Setting the Scene (CT)

The musical is set in the mid 19th century, in the fictional region of South Hamerset. On the southern coastline is Highsands fishing village, on the shore of Highsands Bay. Just out to sea, to the east of Highsands is a reef and perilous outcrop of rocks ‘The Pennies’. (It is the price paid to Neptune by the people of South Hamerset, so the sea god provides for the population). Highsands is the home to a small community of families reliant on the fishing, including the Garland family. Anna Garland lost her husband a few years before. She lives with her husbands sister Clare and her daughter Katherine. They sell the fish they catch at nearby Borland Cove, a few miles along the coast to the east of Highsands. Between the village and Borland Cove, on the cliffs, is St Hedrok’s church, from where Katherine, the huer (fish watcher) looks out to sea.

The corn merchant ‘Marwoods’ has been trading in Borland Cove for many years, but the owner Francis Marwood has just died, leaving the business to his son Pasco and his sick wife Agnes. Pasco, who has been working as a teacher in Overbridge, is called back.

On the western edge of South Hamerset the river Over reaches the sea. The town of Overmouth lies on the east bank of the river and the naval dockyards of Overmouth Dock on the west. Overmouth is ten or so miles west of Highsands. Heading inland the course of the river sweeps round to the east, reaching the town of Overbridge, the principal town in the area.

Smuggling has a long history in the South Hamerset area, but has met ever growing challenges in recent years, notably owing to the establishment of a coastguard at Overmouth. Smuggling, despite previously being widespread throughout the area, is not met with so much favour now. Indeed there was smuggling through Borland Cove but a recent rise in violence is turning the local populace against the smugglers. However there is still some smuggling, particularly spirits and tobacco from France, all overseen by the Tope gang. They stash their contraband around the region, notably in the graves and tombs at St Hedrok’s church.

Rupert Whithorn (brother of Agnes Marwood) owns the Borland Cove ferry and a dredger used for dredging local rivers. He is also involved with smuggler Bartholomew Tope and recently gave him some capital to buy spirts from France. The respective boat is seized by customs and much of the cargo is lost. Rupert loses his capital. However Tope has been told by local dignitary Sir Jonathan Brockhurst that there is going to be a considerable development of the Naval docks at Overmouth, which will require a substantial amount of sand and gravel, and there is plenty in Highsands Bay. Tope has some kind of hold on Brockhurst and he tells Whithorn that he will be able to persuade Brockhurst to appoint Whithorn’s company to dredge Highsands Bay. And while dredging Whithorn will be able to bring in contraband tubs that have been sunk in the bay by the Tope gang. But to convert his river dredgers he will need money, and further capital to purchase more contraband. This he plans to get from the sale of his recently deceased brother-in-law’s business ‘Marwoods’.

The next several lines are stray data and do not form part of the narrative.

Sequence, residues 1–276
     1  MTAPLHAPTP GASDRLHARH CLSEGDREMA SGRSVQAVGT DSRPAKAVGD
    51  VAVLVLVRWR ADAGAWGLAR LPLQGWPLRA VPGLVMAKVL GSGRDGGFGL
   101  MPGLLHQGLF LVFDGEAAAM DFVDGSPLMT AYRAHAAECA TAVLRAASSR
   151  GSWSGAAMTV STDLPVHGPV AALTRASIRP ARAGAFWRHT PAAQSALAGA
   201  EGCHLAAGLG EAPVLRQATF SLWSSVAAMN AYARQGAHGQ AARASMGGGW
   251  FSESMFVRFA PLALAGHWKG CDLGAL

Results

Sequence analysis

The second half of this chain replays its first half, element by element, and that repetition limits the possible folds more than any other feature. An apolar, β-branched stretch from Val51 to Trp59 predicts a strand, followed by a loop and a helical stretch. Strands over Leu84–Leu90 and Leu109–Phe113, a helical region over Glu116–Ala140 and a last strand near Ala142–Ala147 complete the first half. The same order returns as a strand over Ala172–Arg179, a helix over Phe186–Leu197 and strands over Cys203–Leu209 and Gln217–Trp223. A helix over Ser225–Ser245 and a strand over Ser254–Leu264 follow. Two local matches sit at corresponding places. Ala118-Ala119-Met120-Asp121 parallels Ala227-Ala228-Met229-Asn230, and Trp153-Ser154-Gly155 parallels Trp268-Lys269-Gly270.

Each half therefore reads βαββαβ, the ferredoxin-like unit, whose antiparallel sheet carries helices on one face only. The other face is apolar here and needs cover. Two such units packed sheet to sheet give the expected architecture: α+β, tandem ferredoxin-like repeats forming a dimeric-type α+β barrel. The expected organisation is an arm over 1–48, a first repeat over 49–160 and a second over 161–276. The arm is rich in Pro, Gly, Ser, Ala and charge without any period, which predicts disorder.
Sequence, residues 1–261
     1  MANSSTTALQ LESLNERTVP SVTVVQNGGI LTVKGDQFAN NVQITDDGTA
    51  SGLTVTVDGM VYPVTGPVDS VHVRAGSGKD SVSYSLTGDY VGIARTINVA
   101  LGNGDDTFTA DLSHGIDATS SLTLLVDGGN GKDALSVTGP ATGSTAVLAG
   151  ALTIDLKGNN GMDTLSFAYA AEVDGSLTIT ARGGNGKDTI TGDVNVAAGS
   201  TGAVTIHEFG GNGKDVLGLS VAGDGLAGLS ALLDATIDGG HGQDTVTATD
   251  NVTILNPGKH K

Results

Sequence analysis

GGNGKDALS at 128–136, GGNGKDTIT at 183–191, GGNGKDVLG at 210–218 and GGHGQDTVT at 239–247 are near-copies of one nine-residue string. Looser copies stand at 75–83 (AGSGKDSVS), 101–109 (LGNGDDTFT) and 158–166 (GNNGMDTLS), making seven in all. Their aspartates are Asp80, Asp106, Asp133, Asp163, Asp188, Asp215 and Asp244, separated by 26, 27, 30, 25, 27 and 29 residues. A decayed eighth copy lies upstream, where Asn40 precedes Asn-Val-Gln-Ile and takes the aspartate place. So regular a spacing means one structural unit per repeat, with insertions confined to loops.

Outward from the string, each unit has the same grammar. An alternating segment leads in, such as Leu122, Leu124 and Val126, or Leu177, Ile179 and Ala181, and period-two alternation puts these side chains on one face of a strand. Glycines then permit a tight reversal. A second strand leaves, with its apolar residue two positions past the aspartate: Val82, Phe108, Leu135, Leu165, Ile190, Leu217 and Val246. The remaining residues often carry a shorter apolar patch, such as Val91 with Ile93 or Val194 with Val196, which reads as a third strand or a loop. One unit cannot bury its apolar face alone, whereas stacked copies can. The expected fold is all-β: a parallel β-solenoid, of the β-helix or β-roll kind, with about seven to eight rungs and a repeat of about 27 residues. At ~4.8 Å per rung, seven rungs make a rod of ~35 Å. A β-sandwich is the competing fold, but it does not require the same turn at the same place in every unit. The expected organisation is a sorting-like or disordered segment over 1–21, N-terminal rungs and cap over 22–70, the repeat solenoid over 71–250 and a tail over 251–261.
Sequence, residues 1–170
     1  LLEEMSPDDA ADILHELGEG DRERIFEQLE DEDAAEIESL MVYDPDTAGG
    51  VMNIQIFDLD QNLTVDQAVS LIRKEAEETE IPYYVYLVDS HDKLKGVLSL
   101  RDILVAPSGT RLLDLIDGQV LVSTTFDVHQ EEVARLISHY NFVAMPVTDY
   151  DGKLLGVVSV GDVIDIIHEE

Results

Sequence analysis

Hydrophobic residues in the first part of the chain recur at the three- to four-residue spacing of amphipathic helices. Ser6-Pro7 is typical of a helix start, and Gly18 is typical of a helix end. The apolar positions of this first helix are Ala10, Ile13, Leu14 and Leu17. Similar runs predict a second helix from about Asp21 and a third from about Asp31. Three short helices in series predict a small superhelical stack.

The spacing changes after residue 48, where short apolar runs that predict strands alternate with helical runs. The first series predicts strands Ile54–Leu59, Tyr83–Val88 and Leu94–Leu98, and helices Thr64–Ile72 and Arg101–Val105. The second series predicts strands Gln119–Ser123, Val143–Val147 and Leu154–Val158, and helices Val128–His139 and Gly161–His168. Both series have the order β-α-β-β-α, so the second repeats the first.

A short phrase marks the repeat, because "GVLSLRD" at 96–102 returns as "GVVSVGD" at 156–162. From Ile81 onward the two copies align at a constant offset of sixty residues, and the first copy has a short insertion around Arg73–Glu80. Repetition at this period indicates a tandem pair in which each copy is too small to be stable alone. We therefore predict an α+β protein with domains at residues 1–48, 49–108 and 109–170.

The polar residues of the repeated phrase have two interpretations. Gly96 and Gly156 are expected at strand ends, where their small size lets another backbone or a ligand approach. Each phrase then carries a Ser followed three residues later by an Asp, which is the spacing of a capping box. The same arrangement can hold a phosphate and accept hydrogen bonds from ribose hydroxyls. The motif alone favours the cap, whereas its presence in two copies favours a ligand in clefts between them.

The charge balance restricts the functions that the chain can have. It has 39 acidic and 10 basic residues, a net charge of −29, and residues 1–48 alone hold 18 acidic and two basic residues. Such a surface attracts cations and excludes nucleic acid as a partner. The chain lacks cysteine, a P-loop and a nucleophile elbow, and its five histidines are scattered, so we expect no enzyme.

The story is loosely based upon the fate of the fishing village of Hallsands on the south Devon coast which fell in to the sea following the dredging of the bay. The sub text is the clash of natural forces and human forces, such as tradition/religion, tradition/science, science/religion, superstition/science, sea/land, feelings/knowledge, loyalty/jealousy, love/jealousy, sensory experience/rationality, the benefit of progress/the cost of progress (humanity has discovered penicillin and nuclear weapons). Each of the characters reflects one side of the clash.

The constant rhythm of the waves, the to and fro, is reflected in the dialogue and lyrics, e.g. ‘The sea was our life. Our life was the sea’.

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